How has the pandemic changed the property market
Before COVID-19 struck and the whole country went into social distancing mode, the biggest challenge for the national property market was a glut of buyers and a scarcity of sellers.
As we emerge from the health crisis, the same conditions are apparent – but there is much more trepidation from buyers than there was previously.
As the country initially went into lockdown in mid-March there was a slump in search activity on realestate.com.au, but since the JobKeeper package and mortgage holidays have been announced there have been consistent week-on-week increases in the number of people searching for properties to buy.
As well as the high volume of general search activity, there has been a spike in serious buyer activity, which includes buyers who look at specific listings a number of times, look at the photos for a listing multiple times, save the property, share the property and/or make an inquiry with the agent.
High demand doesn’t necessarily point to a seller’s market
While many people are looking closely at properties, there still seems to be some caution about transacting, which is not surprising given the country is in the midst of its first recession in almost 30 years.
In addition, the low volume of properties listed for sale could also be driving higher levels of buyer search activity compared to when stock levels are more normal.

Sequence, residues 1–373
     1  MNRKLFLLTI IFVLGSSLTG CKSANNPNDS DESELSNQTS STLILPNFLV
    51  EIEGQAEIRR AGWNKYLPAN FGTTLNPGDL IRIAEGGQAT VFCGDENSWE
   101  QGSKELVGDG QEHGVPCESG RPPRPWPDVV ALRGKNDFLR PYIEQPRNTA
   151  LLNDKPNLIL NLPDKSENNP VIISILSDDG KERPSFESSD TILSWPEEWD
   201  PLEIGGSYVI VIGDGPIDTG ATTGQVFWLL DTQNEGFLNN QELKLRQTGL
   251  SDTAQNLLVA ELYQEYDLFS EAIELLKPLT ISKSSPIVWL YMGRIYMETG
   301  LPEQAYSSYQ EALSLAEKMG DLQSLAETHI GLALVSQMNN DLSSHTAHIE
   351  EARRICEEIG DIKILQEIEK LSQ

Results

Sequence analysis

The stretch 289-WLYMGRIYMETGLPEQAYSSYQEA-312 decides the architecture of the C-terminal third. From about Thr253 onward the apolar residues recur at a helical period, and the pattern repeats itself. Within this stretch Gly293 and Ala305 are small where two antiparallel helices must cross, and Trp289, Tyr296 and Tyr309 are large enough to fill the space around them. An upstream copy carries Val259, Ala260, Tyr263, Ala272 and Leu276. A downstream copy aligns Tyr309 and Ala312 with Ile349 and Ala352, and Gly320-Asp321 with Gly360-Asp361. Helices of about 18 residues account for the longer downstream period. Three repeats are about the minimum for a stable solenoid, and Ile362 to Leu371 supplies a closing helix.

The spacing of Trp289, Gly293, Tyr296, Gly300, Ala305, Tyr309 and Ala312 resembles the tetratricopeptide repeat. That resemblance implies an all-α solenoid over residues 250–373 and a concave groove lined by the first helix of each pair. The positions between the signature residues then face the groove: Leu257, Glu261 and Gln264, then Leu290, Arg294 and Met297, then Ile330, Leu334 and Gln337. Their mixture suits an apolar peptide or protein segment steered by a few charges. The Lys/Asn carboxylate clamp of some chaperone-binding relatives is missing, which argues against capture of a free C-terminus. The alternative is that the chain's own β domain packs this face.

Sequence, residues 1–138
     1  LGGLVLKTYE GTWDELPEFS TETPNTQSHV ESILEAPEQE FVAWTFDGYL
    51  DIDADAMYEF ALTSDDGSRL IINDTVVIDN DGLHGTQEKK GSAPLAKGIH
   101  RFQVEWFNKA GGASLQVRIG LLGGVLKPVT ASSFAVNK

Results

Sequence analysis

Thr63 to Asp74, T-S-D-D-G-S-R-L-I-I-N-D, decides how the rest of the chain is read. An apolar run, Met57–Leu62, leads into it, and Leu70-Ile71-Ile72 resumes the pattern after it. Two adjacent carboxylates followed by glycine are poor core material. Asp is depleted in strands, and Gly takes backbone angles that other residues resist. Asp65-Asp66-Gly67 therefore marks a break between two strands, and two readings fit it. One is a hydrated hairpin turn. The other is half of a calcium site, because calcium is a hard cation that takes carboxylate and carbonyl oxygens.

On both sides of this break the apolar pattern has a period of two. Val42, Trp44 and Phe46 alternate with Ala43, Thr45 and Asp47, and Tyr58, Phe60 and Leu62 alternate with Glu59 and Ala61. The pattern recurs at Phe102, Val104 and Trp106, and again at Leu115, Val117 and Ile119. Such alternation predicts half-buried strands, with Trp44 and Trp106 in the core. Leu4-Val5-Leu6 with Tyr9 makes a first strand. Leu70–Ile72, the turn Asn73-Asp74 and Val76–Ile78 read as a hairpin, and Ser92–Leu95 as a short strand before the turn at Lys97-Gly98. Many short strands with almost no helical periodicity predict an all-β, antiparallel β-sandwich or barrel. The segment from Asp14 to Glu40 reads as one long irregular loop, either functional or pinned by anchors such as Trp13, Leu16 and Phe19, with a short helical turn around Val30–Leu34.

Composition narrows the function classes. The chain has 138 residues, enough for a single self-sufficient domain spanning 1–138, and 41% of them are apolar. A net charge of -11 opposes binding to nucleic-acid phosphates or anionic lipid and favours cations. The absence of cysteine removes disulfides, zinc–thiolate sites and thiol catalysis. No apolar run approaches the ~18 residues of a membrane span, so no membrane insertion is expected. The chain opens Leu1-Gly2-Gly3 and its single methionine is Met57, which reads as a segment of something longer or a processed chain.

The good news is that the volume of new stock advertised for sale has started to increase over recent weeks as consumer confidence creeps back and virus restrictions ease. However, new listings are still lower than this time last year and well down on pre-COVID-19 levels.
How should vendors navigate the COVID-19 property market?
Strong buyer demand and limited vendor competition are good indicators of a seller’s market, but reluctance from buyers to proceed with a transaction makes the COVID-19 property market a little murky for vendors.
However, it’s still possible to make a sale albeit with a different approach:
1. Set a reasonable price
Vendors still need to ensure they are setting reasonable prices for their properties.
While a lot of people are interested in properties, we are in the middle of a recession, so money is tight, and no one really wants to be spending more than they have to.
2. Don’t expect a speedy sale
Despite the lack of competing stock, vendors shouldn’t expect transactions to happen quickly.
Although a well-priced property is likely to garner plenty of interest, receiving offers for properties will be more difficult than it would be when there is far more demand than supply. The reason being that there is still that level of caution from buyers.
3. Think about different modes of selling
Vendors might have to think outside of the square and be more selective in the way that they try to sell their property.
With buyer caution and still some social distancing measures in place at open-for-inspections and live auctions, vendors will need to think about the best method in which to advertise and sell property including rethinking auctions for certain properties.
Providing more transparency about a property to buyers is also key including advertising with a price, including a virtual tour in the listing and providing a far more detailed advertisement.
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